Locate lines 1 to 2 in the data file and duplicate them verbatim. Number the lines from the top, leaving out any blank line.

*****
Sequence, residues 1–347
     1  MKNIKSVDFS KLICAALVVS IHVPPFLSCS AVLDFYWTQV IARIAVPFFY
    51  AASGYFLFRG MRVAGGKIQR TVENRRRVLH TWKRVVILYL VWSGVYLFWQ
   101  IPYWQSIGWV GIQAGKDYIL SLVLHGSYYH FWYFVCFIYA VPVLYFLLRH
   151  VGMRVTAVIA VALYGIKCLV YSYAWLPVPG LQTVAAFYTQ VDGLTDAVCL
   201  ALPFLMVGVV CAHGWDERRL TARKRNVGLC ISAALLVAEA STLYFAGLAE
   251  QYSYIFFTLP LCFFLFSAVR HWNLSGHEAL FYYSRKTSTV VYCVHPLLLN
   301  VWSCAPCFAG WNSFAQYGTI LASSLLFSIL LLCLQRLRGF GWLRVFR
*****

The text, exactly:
Sequence, residues 1–347
     1  MKNIKSVDFS KLICAALVVS IHVPPFLSCS AVLDFYWTQV IARIAVPFFY